Sadie Such: Owner of Sadie Such Photography and Films

Sadie Such

Sadie Such has been able to combine two of her biggest passions — photography/videography and helping people — with a really cool layer: traveling around the globe. The 23-year-old Phoenix resident, who has owned Sadie Such Photography and Films for the past 3 years, also goes on volunteer mission trips to places such as Central America and West Africa. Such, who has a degree in film production from the Film School at Scottsdale Community College (and played tennis there), has worked with organizations including PhotogenX to document social injustice around the globe, as well as teach photography and video skills. She’ll be headed to Zambia in June and has ideas for films of her own, and she talked about what drives her passion. Keep reading to hear five reasons why Such loves living in the Valley, too.

What brought you to Arizona?

I was born and raised in Phoenix. Probably about 4 years ago, I started traveling internationally and living in different states, but I always ended up back here because my family is here.

What is your first memory of being interested in photography or videography?

My dad is a good hobby photographer and would usually have a camera on trips, so growing up we would wait for the film to be developed and get the slides. Then, we would turn some music on and watch a real slideshow on our wall with a slide projector. I started taking pictures with disposables. Growing up, my dad would also get out the big heavy-duty camera and videotape us. Once we got a smaller video camera and got a little older, I would take it and make videos with my sister or friends and do interviews. I always loved capturing and documenting life.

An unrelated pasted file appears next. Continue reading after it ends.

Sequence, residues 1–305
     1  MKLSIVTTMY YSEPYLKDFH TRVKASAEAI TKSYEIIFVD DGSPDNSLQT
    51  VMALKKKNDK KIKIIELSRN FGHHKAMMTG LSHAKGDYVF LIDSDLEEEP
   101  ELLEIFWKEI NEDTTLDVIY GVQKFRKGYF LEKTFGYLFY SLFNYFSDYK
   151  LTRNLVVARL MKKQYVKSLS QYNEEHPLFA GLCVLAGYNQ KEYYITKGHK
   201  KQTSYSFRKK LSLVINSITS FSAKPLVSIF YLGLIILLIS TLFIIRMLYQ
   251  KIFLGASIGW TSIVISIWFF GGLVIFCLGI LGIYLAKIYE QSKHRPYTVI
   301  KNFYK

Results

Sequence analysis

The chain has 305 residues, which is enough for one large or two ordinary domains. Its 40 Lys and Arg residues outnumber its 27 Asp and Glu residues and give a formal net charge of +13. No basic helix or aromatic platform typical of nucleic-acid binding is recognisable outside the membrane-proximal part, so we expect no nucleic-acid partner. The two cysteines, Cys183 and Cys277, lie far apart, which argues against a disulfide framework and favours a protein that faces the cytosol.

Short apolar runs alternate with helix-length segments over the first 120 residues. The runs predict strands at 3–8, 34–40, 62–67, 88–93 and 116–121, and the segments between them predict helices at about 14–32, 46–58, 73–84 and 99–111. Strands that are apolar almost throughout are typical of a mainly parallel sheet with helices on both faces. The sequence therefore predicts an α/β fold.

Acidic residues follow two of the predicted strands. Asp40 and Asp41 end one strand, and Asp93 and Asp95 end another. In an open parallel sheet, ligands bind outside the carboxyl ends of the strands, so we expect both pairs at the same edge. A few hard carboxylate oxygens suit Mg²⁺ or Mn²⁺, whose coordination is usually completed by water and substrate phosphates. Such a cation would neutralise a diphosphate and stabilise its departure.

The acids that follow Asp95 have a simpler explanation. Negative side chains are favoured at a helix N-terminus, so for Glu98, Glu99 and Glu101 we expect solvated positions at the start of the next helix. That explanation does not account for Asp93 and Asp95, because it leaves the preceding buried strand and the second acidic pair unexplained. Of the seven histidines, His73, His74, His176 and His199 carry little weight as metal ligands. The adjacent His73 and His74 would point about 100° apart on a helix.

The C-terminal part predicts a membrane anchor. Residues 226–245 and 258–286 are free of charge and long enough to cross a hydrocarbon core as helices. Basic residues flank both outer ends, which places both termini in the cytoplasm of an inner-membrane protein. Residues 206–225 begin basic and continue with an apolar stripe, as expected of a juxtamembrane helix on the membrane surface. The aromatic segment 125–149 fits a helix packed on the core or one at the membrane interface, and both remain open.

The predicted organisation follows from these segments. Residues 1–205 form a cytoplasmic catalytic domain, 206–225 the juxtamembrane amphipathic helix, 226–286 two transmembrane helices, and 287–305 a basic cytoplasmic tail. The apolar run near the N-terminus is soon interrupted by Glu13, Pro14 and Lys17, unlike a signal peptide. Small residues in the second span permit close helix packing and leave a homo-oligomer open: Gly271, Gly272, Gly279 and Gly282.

What made you want to study film?

In high school (at Arcadia High School), I had taken a couple years of a black-and-white film photography class where we developed our own film in the dark room, and I started doing a media communications class for a couple years and knew I wanted to move forward in media in some way.

How did you get involved with mission work?

After I graduated, I did an internship with a film production company in downtown Phoenix and started doing freelance work for Randy Murray Productions. I was all set to go study abroad in Spain and learn Spanish, but I met some people who did mission work in film in Hawaii. With my passion for photography and film, I ended up getting involved with a ministry called PhotogenX. The first year I was with PhotogenX, we did a road trip through Mexico and Central America for 3 months. A lot of it was documenting the issues that were going on in different areas and how people can help, listening to stories, and sharing beauty of the people and places through photos and videos.

What got you interested in wanting to travel?